HIV testing: What it means for you and the community

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One in five people living with HIV do not know they are infected. When looking at young people ages 13 to 24, that statistic rises to almost three out of five.
For the third year in a row, Community Awareness Resources and Education Services (CARES) Outreach Services is providing free, confidential HIV testing at New College. Tests will be administered in the New College Student Affairs (NCSA) office, which is located in the mailroom in Hamilton Center.
“Everyone should get tested, even people who have never been sexually active before,” NCSA President and thesis-student Cassandra Corrado said. “Getting tested in and of itself is sort of a political act. You’re saying I accept that there is no stigma in getting tested, and I am doing this for myself.”
The test takes 15 minutes. The patient’s finger is pricked with a lancet, and their blood is put into a small testing device. This test checks for reactivity of specific antibodies.
Beforehand, students must fill out a consent form required by the Department of Health, as well as a questionnaire to determine the student’s risk factor.
The entire test is confidential. CARES volunteers cannot disclose information given during the test or the results of the test. However, if the patient tests positive, an additional test must be run for confirmation, and the patient will be contacted by the Department of Health. The test result then remains a part of the patient’s confidential medical record.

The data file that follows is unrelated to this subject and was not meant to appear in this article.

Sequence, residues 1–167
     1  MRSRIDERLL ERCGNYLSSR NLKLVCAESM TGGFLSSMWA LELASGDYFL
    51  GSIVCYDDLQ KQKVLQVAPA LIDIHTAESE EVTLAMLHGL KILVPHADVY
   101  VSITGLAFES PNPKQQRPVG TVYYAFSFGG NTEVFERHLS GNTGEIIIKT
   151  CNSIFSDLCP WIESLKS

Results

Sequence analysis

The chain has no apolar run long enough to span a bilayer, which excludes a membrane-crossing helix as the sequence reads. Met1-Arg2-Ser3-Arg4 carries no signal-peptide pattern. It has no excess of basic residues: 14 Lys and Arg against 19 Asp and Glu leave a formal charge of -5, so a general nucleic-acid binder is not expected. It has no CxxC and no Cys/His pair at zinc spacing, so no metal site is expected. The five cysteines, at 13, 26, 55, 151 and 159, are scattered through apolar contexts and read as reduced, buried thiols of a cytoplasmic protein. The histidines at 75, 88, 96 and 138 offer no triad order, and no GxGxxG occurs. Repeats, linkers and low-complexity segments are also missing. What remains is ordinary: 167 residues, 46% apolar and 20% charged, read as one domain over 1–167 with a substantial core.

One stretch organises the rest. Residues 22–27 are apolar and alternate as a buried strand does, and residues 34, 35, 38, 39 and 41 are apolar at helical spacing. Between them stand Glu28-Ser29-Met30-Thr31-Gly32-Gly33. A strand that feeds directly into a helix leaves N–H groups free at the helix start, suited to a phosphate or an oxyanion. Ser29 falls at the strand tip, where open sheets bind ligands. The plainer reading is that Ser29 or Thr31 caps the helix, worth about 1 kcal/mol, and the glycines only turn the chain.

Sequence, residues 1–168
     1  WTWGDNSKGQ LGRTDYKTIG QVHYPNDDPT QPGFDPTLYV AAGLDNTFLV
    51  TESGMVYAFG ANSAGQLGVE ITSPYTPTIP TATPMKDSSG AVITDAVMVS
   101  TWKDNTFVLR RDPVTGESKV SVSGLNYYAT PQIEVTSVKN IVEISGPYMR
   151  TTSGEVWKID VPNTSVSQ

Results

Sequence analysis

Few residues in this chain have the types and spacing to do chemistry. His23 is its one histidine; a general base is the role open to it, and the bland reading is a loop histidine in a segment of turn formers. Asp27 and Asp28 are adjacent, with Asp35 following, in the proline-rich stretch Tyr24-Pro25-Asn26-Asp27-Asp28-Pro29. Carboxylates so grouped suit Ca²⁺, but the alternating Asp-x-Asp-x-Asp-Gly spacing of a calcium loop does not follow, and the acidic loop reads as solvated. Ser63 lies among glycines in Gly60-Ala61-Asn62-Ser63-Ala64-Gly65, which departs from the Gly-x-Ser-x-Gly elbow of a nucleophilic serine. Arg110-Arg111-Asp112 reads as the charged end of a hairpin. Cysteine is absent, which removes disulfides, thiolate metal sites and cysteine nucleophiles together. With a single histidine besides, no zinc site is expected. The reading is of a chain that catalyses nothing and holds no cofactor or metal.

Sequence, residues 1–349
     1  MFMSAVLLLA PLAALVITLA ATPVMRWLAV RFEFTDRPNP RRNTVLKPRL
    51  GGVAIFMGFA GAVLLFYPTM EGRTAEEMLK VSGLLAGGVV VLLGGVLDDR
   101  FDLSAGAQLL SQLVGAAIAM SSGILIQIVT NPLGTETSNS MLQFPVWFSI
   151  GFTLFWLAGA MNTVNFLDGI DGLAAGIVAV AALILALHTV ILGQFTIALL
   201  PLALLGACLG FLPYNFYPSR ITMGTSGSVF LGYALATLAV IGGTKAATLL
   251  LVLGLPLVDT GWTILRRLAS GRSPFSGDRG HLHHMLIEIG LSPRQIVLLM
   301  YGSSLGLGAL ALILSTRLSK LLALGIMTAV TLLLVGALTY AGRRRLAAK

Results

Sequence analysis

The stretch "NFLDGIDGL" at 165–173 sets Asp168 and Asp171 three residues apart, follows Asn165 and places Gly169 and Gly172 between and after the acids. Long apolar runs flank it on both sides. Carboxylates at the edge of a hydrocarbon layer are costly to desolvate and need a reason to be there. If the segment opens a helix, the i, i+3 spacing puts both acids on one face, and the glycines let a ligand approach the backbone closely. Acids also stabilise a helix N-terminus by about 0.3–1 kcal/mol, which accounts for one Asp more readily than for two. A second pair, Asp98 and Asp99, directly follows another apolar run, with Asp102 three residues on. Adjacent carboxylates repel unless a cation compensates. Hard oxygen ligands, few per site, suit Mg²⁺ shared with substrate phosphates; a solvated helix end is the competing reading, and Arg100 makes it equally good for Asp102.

CARES Outreach consists of five volunteers. Two volunteers that assist at New College are CEO Michael Kehoe and James Rodgers. Both have been involved with CARES since it began in February 2011.
“It’s the commitment we make to the community,” Kehoe said. “Getting tested benefits the whole community, because just one individual can affect the community.”
HIV testing was moved to the NCSA office in an attempt to make testing more convenient for students. The room is private and was approved by both the state and county.
Kehoe and Rodgers both advocate that everyone should get tested. However, those who are in risk groups are especially encouraged.
On the national level, risk groups include individuals who have anal sex, have used intravenous drugs, have had unprotected sex, are sex workers or are transgender individuals.
“It’s really important for college students to know that they are not immune,” Corrado said.
Information for this article was taken from

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